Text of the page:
OLYMPIA FIELDS, Ill. - It is the ultimate golf swing. It has been videotaped for mass distribution. Books and magazines have wiped out forests for all the paper that has been used to describe it and analyze it.
Part Hogan, part Snead, part Bobby Jones. Sweet and smooth, but with drive and power like no one before, not even Nicklaus.
We are speaking of Tiger Woods, of course.
The perfect swing collided with a U.S. Open course that hasn't exactly distinguished itself, a course that has surrendered so many birdies and eagles that the scoreboard appears to be dripping blood, and Tiger is so far out of the lead that his mail is being forwarded to different zip code.
Par is usually a good score in an Open. Maybe Tiger didn't get the message that it wouldn't cut much mustard in this one.
He shot 75 yesterday, his worst Open round as a professional, battling the rough and bunkers from start to finish and never striking a putt that didn't curve left or right away from its intended target. He looked befuddled, exasperated and a whole bunch of other big words. Amazingly, when he leaves Olympia Fields later today, it will mark the first time since 1999 that he has not been the reigning champion in at least one of golf's four majors.
But the swing looks good.
Then there's Jim Furyk, who is clear of the field by three shots heading into today's final round of the 103rd National Open.
The first time David Feherty, the television analyst, saw Furyk's swing, he said it looked like a man using a golf club to kill a rattlesnake in a phone booth.
The results, though, have been pretty serious.
Furyk, who is No. 10 in the world rankings, owns seven PGA Tour titles and has compiled more than $16 million in earnings since 1994. He hasn't won yet this year, but you might say he has been knocking on the door with 10 top-10 finishes in 14 starts.
He does it with a swing right out of a Tuesday-evening beer league down at your local nine-hole muni. It is to golf swings what Edith Bunker was to music.
Somehow, though, between the unsightly hitch at the top of the swing and the point of impact, Furyk gets the club on a straight line and the clubhead squared to the ball.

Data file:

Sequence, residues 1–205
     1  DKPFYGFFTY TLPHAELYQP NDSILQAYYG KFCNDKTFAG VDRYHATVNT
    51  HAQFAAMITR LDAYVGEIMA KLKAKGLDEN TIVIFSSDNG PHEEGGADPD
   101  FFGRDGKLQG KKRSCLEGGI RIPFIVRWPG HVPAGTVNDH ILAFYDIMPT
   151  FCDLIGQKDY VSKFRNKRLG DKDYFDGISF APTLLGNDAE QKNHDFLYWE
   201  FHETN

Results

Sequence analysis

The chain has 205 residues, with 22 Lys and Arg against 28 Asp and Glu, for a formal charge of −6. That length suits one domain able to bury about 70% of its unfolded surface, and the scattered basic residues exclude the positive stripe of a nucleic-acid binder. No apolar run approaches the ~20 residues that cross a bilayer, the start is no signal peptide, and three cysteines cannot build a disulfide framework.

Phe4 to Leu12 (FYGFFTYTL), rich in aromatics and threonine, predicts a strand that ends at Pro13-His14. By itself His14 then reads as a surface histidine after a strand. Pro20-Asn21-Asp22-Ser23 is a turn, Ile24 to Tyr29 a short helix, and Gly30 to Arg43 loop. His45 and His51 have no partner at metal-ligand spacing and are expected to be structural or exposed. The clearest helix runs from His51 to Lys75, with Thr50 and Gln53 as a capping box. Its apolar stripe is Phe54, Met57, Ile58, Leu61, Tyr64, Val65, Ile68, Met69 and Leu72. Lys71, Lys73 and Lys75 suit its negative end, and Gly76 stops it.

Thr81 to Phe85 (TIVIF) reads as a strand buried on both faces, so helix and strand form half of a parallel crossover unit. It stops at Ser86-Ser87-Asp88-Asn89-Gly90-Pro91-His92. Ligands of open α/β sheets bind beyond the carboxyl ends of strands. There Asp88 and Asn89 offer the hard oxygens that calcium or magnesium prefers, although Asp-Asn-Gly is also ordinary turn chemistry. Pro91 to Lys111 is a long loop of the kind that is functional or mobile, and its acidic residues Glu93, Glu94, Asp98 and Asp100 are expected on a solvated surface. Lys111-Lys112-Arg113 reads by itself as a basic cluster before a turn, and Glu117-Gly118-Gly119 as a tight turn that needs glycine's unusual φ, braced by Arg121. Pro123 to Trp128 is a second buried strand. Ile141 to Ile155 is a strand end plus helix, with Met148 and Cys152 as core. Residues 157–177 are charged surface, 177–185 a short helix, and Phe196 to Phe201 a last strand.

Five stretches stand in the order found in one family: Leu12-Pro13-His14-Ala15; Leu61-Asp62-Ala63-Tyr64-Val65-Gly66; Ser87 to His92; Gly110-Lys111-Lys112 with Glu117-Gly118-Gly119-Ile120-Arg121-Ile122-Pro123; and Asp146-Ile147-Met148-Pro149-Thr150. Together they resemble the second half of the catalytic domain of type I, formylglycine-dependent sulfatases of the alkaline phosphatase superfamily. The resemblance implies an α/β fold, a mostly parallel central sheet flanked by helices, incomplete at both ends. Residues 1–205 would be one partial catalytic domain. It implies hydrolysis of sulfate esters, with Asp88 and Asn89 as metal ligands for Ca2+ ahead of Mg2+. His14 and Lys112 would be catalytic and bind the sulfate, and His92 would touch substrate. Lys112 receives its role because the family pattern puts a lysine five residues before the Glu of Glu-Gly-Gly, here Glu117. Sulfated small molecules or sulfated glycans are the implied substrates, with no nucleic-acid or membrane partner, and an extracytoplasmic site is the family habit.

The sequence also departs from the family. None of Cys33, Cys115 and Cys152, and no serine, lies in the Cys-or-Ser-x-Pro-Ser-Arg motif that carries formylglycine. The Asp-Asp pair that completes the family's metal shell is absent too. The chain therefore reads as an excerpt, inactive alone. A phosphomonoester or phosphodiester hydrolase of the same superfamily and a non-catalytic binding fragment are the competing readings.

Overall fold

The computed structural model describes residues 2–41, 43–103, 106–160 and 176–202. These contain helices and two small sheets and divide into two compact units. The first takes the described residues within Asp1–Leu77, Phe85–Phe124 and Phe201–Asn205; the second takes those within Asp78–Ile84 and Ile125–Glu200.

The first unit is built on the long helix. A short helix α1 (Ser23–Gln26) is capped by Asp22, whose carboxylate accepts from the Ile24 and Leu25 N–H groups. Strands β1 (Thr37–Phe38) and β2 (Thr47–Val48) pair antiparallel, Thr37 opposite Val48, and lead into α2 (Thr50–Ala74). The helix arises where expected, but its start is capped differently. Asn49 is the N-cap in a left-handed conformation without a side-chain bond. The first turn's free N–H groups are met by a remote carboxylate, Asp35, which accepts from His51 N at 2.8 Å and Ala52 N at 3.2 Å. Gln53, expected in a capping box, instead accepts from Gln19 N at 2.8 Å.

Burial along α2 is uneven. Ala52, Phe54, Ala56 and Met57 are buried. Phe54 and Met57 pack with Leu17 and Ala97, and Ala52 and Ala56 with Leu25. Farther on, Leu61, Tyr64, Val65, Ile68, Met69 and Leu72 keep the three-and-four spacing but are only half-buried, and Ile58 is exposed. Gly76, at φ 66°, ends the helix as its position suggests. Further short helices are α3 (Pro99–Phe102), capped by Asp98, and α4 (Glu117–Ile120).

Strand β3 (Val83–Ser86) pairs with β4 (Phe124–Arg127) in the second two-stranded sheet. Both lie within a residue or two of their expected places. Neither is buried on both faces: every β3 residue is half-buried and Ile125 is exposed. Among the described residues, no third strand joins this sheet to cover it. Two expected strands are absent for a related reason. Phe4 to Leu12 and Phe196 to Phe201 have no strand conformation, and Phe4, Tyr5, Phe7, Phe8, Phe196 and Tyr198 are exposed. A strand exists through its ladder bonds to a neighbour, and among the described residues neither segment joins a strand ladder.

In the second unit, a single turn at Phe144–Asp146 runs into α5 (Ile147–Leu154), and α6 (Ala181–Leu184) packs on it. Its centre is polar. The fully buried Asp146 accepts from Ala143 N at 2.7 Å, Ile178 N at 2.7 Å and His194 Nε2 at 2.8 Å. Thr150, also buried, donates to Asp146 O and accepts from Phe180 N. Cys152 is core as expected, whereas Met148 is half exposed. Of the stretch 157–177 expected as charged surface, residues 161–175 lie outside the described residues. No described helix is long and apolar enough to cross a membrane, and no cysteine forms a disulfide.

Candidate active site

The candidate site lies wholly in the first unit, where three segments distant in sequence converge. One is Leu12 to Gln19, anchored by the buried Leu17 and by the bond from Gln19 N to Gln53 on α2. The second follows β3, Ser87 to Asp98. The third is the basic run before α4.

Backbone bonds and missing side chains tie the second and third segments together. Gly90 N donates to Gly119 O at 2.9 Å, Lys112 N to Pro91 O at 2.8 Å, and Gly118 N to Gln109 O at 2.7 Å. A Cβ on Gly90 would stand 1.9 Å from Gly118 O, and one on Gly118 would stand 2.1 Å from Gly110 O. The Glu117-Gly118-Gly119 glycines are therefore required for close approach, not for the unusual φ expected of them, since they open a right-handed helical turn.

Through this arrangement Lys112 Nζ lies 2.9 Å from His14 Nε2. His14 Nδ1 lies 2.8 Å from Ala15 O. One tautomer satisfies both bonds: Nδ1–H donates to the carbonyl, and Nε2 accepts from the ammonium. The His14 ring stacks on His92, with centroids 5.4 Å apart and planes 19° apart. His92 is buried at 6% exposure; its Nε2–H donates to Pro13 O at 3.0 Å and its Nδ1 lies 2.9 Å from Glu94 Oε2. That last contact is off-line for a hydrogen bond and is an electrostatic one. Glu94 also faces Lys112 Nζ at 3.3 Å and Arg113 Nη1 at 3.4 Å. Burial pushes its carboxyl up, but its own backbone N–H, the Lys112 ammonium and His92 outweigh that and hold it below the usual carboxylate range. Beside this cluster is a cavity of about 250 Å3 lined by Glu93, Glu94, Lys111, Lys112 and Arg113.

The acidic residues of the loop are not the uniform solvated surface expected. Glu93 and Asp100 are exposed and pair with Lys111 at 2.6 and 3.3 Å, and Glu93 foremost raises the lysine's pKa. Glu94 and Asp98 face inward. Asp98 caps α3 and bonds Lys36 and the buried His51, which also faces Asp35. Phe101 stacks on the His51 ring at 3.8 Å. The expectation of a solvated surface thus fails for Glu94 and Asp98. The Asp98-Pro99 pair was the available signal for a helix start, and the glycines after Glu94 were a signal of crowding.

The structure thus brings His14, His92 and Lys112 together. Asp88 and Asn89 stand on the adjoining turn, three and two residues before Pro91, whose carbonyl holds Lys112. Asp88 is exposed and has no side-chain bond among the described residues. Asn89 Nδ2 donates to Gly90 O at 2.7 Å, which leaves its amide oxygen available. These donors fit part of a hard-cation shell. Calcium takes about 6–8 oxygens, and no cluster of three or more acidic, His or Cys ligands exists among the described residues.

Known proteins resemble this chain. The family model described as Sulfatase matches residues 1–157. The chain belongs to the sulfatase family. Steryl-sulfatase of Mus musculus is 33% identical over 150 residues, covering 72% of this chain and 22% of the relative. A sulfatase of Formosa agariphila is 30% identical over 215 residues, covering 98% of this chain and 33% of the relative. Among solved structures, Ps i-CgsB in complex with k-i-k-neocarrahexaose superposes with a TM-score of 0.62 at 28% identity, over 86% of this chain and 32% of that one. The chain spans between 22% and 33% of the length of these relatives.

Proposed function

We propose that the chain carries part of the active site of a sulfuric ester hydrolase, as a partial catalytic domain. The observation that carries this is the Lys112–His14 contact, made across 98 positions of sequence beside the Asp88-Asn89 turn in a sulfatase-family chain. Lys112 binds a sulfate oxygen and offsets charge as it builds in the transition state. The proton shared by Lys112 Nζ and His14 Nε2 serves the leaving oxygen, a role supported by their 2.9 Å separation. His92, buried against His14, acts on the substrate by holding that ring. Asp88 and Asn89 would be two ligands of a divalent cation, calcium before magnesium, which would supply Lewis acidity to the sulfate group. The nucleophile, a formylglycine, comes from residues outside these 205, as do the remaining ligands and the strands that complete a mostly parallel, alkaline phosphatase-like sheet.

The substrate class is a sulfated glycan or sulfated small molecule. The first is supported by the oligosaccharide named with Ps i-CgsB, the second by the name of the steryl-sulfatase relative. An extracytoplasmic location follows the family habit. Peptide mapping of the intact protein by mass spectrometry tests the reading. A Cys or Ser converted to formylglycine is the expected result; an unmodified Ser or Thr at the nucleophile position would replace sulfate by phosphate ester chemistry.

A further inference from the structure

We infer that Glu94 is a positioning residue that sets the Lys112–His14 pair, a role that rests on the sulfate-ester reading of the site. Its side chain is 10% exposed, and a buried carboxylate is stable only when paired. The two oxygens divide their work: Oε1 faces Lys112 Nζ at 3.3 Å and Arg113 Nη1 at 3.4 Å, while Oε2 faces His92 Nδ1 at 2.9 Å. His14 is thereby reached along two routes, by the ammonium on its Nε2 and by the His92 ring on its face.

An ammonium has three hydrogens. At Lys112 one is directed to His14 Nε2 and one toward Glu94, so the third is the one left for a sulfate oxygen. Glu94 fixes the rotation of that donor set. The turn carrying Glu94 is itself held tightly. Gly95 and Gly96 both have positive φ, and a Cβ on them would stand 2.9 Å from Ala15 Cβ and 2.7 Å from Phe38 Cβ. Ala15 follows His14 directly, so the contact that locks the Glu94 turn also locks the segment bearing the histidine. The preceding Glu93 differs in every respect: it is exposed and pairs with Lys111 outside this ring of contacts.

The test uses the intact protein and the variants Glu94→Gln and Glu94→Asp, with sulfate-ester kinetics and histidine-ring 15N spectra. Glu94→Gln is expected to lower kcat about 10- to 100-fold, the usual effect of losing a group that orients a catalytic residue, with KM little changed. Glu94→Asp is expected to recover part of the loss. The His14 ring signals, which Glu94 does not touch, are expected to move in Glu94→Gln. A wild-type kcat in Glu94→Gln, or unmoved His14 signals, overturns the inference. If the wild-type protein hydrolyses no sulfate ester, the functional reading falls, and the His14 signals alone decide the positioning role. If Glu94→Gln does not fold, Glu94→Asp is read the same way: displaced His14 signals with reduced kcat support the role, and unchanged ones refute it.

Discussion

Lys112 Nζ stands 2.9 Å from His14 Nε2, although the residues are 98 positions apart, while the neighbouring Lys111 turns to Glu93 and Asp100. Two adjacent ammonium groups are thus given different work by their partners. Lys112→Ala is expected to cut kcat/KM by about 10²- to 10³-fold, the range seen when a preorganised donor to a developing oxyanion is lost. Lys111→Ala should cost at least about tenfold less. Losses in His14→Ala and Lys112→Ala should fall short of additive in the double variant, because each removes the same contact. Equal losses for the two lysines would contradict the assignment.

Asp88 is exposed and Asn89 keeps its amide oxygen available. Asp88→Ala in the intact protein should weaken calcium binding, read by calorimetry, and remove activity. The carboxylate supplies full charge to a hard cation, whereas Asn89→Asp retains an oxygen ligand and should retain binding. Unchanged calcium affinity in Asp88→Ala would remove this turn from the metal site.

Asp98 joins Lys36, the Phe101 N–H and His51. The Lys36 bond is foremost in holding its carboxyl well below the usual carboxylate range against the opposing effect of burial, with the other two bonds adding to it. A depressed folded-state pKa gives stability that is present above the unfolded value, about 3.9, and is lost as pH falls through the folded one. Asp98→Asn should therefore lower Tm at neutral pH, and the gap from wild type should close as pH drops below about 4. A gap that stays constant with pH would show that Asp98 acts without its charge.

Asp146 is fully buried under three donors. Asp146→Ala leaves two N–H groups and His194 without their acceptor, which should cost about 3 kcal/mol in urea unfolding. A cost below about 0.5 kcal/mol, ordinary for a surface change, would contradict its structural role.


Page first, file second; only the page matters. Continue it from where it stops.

The swing is not a thing of beauty. The results are. In his words, ``It doesn't matter how it looks. The ball doesn't lie.''
Now, with a 54-hole Open scoring record under his belt, he is positioned to capture his first major championship today.
He'll have few better chances. Unlike your normal Open courses - they usually come in three sizes: large, extra large and Bethpage - Olympia Fields is of modest proportions favoring a player of modest length who can shape shots and putt the lights out.
``It's very straightforward,'' Furyk said. ``There's one hidden tee shot at No. 12. Other than that the golf course just sits in front of you.''
American golf's ultimate prize is sitting there too, right in front of Jim Furyk. It's his for the taking. A relative unknown with a gorgeous golf swing, Australia's Stephen Leaney, is three shots behind. Nick Price and Vijay Singh are five back.
``I'm excited,'' Furyk said. ``I've never had a three-shot lead [after 54 holes] in any tournament that I can remember.''
His swing has changed some through the years.
``Let's not go overboard,'' he said, chuckling. ``We're not straight back and straight through yet. My swing was very unconventional and it's still unconventional.
``When I was a kid my swing was naturally outside and I just naturally rerouted the club. I was fortunate that my dad, who was my teacher, realized I wasn't very mechanical and just let me play on feel. If I had taken my swing and made it look like the textbook-perfect swing when I was a kid, I may not be sitting here today. I may not have turned out to be a good player.''
Or poised to become the U.S. Open champion.
``I'm still young, still early in my career, so not having won a major hasn't weighed on me,'' the 33-year-old Furyk said. ``And, to be honest, if 10 years from now it still hasn't happened, I'll accept it. But winning a major is the ultimate goal. It is what I've worked hard for. It's how we're judged.''
Not by the swing.